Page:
- Associated Press
Israeli Military Says It Mistakenly Killed 3 Israeli Hostages in Battle-Torn Part of Gaza
15:27 JST, December 16, 2023
RAFAH, Gaza Strip (AP) — Israeli troops mistakenly shot three hostages to death Friday in a battle-torn neighborhood of Gaza City, and an Israeli strike killed a Palestinian journalist in the south of the besieged territory, underscoring the ferocity of Israel’s ongoing onslaught.
The deaths were announced as a U.S. envoy tried to persuade the Israelis to scale back their campaign sooner rather than later.
The hostages were killed in the Gaza City area of Shijaiyah, where troops have been engaged in fierce fighting with Hamas militants in recent days. The soldiers mistakenly identified the three Israelis as a threat and opened fire on them, said the army’s chief spokesman, Rear Adm. Daniel Hagari.
He said it was believed that the three had either fled their captors or been abandoned.
“Perhaps in the last few days, or over the past day, we still don’t know all the details, they reached this area,” Hagari said. He said the army expressed “deep sorrow” and was investigating.
Hamas and other militants abducted more than 240 people in the Oct. 7 attack that triggered the war, and the hostages’ plight has dominated public discourse in Israel ever since. Their families have led a powerful public campaign calling on the government to do more to bring them home.
Demonstrations in solidarity with the hostages and their families take place nearly every day. Late Friday, hundreds of protesters blocked Tel Aviv’s main highway in a spontaneous demonstration calling for the the hostages’ return.
Israeli political and military leaders often say freeing all the hostages is their top aim in the war alongside destroying Hamas.
Still, in seven weeks since ground troops pushed into northern Gaza, they have not rescued any hostages, though they freed one early in the conflict and have found the bodies of several others. Hamas released over 100 in swaps for Palestinian prisoners last month, and more than 130 are believed to still be in captivity.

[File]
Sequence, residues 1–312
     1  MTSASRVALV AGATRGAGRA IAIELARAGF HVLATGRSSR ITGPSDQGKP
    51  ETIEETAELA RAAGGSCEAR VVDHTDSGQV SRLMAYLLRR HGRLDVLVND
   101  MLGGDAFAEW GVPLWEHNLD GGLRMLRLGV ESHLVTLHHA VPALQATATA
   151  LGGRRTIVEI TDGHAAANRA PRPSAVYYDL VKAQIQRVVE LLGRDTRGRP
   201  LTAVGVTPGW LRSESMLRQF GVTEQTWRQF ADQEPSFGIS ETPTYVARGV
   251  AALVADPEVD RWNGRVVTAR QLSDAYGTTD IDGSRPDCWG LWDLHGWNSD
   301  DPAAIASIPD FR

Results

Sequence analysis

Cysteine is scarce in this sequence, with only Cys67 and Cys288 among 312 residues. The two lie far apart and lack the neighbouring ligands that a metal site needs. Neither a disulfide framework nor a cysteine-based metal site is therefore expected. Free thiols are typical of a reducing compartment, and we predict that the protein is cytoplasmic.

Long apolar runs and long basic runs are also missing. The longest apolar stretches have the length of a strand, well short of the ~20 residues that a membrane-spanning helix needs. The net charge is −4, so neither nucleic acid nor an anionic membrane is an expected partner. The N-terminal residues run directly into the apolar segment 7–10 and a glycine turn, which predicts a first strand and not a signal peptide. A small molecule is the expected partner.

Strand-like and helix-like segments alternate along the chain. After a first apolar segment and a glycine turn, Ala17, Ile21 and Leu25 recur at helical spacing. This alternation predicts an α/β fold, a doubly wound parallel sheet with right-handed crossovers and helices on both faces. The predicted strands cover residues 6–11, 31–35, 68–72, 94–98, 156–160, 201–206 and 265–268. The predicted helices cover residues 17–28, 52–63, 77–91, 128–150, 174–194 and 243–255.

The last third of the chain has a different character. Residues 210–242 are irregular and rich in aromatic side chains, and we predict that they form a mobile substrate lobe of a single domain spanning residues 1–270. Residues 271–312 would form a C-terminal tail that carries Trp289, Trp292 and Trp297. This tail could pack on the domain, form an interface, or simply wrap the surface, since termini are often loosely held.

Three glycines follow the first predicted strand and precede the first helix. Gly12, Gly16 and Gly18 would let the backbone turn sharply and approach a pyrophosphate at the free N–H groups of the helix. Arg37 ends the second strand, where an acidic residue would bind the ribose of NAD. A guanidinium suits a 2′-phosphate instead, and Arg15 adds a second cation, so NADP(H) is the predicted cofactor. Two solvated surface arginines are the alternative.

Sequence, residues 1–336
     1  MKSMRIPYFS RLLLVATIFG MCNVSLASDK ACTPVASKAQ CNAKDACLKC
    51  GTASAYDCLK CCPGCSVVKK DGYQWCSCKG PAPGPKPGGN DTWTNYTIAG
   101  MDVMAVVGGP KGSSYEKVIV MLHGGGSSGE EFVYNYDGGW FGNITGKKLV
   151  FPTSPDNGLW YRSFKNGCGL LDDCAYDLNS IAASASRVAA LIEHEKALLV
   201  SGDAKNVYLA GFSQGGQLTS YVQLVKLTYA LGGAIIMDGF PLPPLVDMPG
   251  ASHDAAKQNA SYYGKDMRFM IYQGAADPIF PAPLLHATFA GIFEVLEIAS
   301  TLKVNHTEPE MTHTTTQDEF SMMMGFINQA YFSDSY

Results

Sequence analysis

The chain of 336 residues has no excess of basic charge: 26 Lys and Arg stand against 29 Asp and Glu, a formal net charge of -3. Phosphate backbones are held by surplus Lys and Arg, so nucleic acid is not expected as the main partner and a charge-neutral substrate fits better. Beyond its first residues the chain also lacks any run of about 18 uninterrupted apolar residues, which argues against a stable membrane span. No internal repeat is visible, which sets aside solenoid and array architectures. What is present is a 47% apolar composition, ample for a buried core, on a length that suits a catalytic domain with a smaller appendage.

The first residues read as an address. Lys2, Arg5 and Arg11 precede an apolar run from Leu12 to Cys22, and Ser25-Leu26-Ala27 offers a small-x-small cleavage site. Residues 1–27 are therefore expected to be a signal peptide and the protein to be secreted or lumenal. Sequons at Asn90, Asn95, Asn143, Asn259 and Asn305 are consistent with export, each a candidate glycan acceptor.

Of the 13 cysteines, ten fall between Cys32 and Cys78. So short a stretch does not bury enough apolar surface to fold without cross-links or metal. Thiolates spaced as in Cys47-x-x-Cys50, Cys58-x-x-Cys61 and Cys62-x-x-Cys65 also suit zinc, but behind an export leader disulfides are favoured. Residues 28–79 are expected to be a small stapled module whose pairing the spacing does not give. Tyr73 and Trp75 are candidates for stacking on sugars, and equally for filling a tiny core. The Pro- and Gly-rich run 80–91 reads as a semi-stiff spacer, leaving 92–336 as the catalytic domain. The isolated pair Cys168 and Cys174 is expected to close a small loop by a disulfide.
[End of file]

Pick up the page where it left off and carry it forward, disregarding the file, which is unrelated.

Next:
The three hostages were identified as young men who had been abducted from Israeli communities near the Gaza border — Yotam Haim, 28, Samer Al-Talalka 25, and Alon Shamriz, 26.
Israeli Prime Minister Benjamin Netanyahu called their deaths an “unbearable tragedy” and vowed to continue “with a supreme effort to return all the hostages home safely.”
In southern Gaza, the Al Jazeera television network said an Israeli strike Friday in the city of Khan Younis killed cameraman Samer Abu Daqqa and wounded its chief correspondent in Gaza, Wael Dahdouh. The two were reporting at a school that had been hit by an earlier airstrike when a drone launched a second strike, the network said.
Khan Younis has been the main target of Israel’s ground offensive in the south.
Speaking from a hospital bed, Dahdouh told the network that he managed to walk to an ambulance. But Abu Daqqa lay bleeding in the school and died hours later. An ambulance tried to reach the school to evacuate him but had to turn back because roads were blocked by the rubble of destroyed houses, it said.
Dahdouh, a veteran of covering Israel-Gaza wars whose wife and children were killed by an Israeli strike earlier in the war, was wounded by shrapnel in his right arm.
According to the Committee to Protect Journalists, Abu Daqqa is the 64th journalist to be killed since the conflict erupted: 57 Palestinians, four Israelis and three Lebanese journalists.
Palestinian U.N. Ambassador Riyad Mansour told a General Assembly meeting on the war that Israel “targets those who could document (their) crimes and inform the world, the journalists.”
“We mourn one of those journalists, Samer Abu Daqqa, wounded in an Israeli drone strike and left to bleed to death for six hours while ambulances were prevented from reaching him,” Mansour said.
The Israeli army did not immediately respond to an Associated Press request for comment about Abu Daqqa’s death.